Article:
Undergraduate Diploma in Creative Writing
Since its inception in 1998, the Diploma in Creative Writing offers significant opportunities to explore and develop your skills across four major categories of literary activity: prose, poetry, drama and analytical reading. There will also be opportunities to specialise in an area of writing of your own choosing.
This two-year course is structured around Saturday day schools (four per term) which last from 9.00am-5.00pm, and which are aimed at developing skills and opening each student’s work to the benefits of concentrated group discussion and analysis. The course commences on Saturday 29th September 2018.
The Diploma will immerse you in a diverse range of literary projects. Seminars, group discussions, one-to-one tutorials and small class sizes (about twenty students per year) provide a rich foundation from which you will discover your particular strengths as a writer.
Open evening Thursday 7 December 2017
There will be an Open Evening on Thursday 7 December 2017 at Rewley House, 1 Wellington Square, Oxford, OX1 2JA from 6:30pm-8:30pm. You are invited to visit the Department, meet the Course Director, Dr John Ballam, and tutors, and discuss the course. If you would like to attend, please email email@example.com.
What the course offers
The Diploma aims to foster the writing skills of all its students. The value of group activity as a catalyst for the creative imagination is one of the central tenets of the course, and there will be ample opportunity for discussion of the theory of writing – with students, course tutors, day and summer school tutors, speakers, and visiting readers. At the same time, the course emphasizes the importance of individual voice and vision, and there is significant provision for one-to-one in-depth discussion of each student’s work.
At the basis of skill in writing is skill in reading and the associated development of the ability to consider and express the ways in which various kinds of writing work. Students practise these skills in a supportive but rigorous environment, encouraged by tutors experienced in sharing their own insights into the creative process, and in valuing and encouraging the creative insights of everyone in the group. Deliberately geared to breadth and experiment rather than to narrow specialisation, the Diploma seeks to capitalise on each student’s unique creativity.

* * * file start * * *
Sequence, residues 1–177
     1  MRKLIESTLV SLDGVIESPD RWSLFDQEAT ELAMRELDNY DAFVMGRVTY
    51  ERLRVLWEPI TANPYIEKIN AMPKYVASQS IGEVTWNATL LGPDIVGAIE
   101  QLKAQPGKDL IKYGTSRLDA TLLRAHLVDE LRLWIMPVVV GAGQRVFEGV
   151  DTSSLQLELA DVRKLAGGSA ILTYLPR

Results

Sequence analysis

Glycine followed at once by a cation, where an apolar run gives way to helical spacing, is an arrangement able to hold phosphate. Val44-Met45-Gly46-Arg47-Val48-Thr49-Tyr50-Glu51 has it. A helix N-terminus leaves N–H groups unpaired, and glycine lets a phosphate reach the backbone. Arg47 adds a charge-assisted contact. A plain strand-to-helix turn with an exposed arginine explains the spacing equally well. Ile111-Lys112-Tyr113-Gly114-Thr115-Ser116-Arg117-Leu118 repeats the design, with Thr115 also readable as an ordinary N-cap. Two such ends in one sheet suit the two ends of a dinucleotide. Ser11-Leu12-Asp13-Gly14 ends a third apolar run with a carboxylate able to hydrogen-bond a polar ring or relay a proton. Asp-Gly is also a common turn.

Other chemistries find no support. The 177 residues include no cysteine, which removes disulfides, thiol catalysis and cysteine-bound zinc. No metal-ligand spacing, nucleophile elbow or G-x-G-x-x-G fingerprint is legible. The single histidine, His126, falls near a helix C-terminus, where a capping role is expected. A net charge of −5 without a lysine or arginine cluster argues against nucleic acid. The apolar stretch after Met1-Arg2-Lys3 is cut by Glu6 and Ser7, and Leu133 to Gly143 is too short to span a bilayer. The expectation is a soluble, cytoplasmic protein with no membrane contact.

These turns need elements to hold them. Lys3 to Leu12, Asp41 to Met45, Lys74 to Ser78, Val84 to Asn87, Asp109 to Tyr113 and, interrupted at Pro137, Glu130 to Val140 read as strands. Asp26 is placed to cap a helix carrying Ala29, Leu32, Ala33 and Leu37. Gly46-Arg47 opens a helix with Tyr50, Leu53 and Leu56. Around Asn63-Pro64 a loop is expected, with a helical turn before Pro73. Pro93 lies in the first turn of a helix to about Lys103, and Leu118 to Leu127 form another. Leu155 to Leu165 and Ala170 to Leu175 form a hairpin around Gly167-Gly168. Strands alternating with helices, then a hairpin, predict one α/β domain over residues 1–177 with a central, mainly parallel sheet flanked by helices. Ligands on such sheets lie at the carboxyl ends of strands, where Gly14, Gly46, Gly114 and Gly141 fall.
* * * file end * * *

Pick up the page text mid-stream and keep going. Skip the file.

Publication is one aim, among many, of most writers, and past students of the Diploma have had work accepted for publication during or after the period of their involvement with the course. A significant number of those who gain the Diploma have gone on to take MAs in creative writing at universities such as East Anglia, Warwick, Middlesex and Bath Spa, and more recently, have been accepted onto Oxford University’s Master of Studies in Creative Writing.
A central aim of the course is that students, by the end of the two years, will have developed their creative writing skills to an appreciable degree, and will have gained a clearer perspective on their own creative abilities and the ways in which they may want to pursue them. Students who gain the Diploma should also be better equipped to make useful judgements about the work of other writers, and how it relates to their own.
Who should apply
Formal qualifications are not essential. Students come from many backgrounds and range in age from their twenties to their seventies. Some have previous experience of literary study; all show evidence of prior activity (though not necessarily of publication) as a creative writer.
We look for evidence of a high level of commitment; an awareness of literary ideas and a degree of articulacy in discussing them; and a capacity for intellectual and imaginative development.
If you apply, you will be asked to submit a small portfolio of your own work. Admission is selective, and would be based on your portfolio and an interview.
The course, built around four day-long Saturdays per term, offers a rich combination of workshop seminars, individual tutorials (by arrangement with tutors, twice termly, each lasting for 45 minutes). A once-per-term Sunday dayschool will be paired with the regular Saturday meeting. There is one six-day summer school (residence possible) at the end of the first year of study, in June.
The first term provides an introduction to the three main genres: prose, poetry and drama. From the outset there are opportunities to engage in practical activity and wide-ranging group discussion of aims, techniques and issues.
The second term makes a start on refining and developing analytical skills with three weeks of Reading for Writers, followed by seven weeks of close attention to the structures and approaches of Prose Fiction. The third term concentrates on how to address the challenges of writing Poetry and Stage Drama.